In-Depth With The Highly Complicated F.P.Journe Astronomic Blue For Only Watch 2019
Highly complicated timepieces are rarely released today. Yet for Only Watch 2019, François-Paul Journe brought together the best of what mechanical watchmaking can offer to tell the mysteries of the heavens via poetry and music. Bravo!
In the beginning, it was emptiness... Then, the great watchmaker unleashed a chain reaction that was to give birth to the first second of life, then the first hour, then the sky and stars, culminating in the Earth with its natural satellite, the Moon. To pay tribute to nature and the magic it embodies, F.P.Journe has created a unique piece forged in tantalum with an exceptional movement for its 2019 contribution to the Only Watch charity auction.
Pushing complexity to the limits of the possible
This incredible timepiece – with 18 total complications housed in a 44 mm diameter case made from tantalum, a metal with one of the highest known melting points. Furthermore, the watch boasts a minute repeater with Grand Sonnerie. Powered by an 18-carat rose gold mechanical movement with a manual winding double-barrel mainspring. The regulator defies the rules of gravity thanks to its 60-second tourbillon and remontoir d’egalité. Poetic considering the piece is intended to account for celestial events occurring in a weightless vacuum where the gravity is not a factor.
Additionally, the Astronomic Blue is equipped with a blue chrome dial with silver “shutters” accounting for the daily movement of the sun. Visible through a window at 12 o'clock, the “shutters” close (or open) to indicate the day’s length even factoring in the latitude of a chosen place.
But having an idea of the time based on the height of the sun in the sky is not enough. In a sub-dial placed at 3 o'clock is the "average hour" complication with minutes indicated by a large golden hand starting from the center of the main dial. On the same sub-dial, you'll also find a mechanism to synchronize a second time-zone (indicated by a blue hand). Furthermore, the rare yet useful sidereal time – which is especially appreciated by astronomers – can be read in hours and minutes via the 9 o'clock sub-dial.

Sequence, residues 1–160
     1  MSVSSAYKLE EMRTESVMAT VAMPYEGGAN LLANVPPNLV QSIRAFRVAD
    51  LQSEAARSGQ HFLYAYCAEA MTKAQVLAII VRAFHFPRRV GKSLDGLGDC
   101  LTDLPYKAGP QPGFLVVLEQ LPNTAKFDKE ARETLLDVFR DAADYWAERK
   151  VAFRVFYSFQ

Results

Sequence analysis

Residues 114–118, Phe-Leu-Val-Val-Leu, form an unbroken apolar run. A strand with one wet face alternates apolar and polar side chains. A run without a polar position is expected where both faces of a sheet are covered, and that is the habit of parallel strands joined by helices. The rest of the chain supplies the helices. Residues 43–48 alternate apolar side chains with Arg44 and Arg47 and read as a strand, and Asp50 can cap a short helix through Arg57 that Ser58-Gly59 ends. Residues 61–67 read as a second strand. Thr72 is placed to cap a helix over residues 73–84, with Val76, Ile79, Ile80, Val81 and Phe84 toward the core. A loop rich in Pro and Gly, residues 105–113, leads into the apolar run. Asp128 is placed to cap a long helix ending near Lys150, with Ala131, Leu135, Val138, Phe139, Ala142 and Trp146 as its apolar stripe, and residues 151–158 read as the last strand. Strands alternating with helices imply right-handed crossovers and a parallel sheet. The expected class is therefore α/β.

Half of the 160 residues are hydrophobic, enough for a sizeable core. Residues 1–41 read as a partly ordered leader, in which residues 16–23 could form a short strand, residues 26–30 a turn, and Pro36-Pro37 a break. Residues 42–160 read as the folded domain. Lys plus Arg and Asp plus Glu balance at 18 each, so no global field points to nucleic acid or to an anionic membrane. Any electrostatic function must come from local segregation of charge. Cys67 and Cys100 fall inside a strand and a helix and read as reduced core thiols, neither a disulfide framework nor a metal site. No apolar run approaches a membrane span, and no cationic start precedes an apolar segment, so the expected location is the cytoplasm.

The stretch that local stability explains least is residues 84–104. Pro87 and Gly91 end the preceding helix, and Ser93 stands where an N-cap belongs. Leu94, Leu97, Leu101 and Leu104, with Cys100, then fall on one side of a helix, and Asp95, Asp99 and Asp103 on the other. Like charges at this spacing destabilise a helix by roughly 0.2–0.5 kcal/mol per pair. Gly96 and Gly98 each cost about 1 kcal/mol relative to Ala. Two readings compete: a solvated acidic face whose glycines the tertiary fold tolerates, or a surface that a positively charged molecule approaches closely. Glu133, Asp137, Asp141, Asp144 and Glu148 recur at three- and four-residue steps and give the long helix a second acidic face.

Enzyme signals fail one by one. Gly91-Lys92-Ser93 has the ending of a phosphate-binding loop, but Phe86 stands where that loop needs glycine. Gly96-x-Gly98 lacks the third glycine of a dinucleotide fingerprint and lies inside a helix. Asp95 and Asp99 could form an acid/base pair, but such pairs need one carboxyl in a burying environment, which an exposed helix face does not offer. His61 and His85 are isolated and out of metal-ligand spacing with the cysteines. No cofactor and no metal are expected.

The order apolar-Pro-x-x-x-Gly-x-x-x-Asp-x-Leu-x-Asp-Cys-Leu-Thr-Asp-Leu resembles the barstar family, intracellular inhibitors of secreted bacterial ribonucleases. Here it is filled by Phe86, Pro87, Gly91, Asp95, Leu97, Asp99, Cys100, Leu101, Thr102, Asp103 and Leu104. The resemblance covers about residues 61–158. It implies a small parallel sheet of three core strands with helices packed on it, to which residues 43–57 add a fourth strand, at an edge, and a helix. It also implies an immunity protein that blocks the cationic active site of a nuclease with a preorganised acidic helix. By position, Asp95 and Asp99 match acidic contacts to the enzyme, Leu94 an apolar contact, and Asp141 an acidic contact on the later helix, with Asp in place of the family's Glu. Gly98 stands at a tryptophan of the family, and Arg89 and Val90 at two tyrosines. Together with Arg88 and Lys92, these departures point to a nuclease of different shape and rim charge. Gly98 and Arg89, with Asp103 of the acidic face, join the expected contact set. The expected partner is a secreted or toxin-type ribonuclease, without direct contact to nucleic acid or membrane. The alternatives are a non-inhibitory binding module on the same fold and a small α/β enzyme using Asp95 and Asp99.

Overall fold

Finally, the power reserve indicator, with a total reserve of 42 hours, is located at 6 o’clock with two displays flanking it. To the left, for lovers of absolute accuracy, are the deadbeat seconds. To the right, preserving the dial’s symmetry is a moon phase affixed on a sapphire disk to accentuate the illusion of levitation.
Unveiling the invisible
Currently, the estimate at Christie's is between 300,000 and 600,000 CHF. However, given the complexity and rarity of this timepiece, we can only predict that the winning bid will easily exceed the estimate. With 758 components, F.P.Journe took the additional step of placing an Equation of Time complication on the back of the watch to ensure optimum dial readability.
Finely engraved on the back is an annual calendar that includes the signs of the Zodiac and days of the year while taking into account months with 30 or 31 days. In doing so, this movement provides the ultimate luxury associated with the equation of time (more or less 15 minutes ahead or behind the time displayed on the 3 o’clock sub-dial). With this solar time display, the science nerd or astronomy enthusiast can calculate longitude accurately.
And, it will be all the more accurate, as it is equipped with the caliber 1619 with a tourbillon regulated by the brand’s famous spring equalizer blade, which resets every second to ensure the dead second complication. This exceptional watch is hypotonic in all respects because of these indications, from the simplest to the most complicated, are all set with only the winding crown.
The Astronomic Blue has been assembled, disassembled, improved, and reworked. Living in more ways than one, it will soon be auctioned to help preserve life, specifically sufferers of Duchenne Muscular Dystrophy. Once sold, the Astronomic Blue will be the brightest star in one lucky collector's galaxy.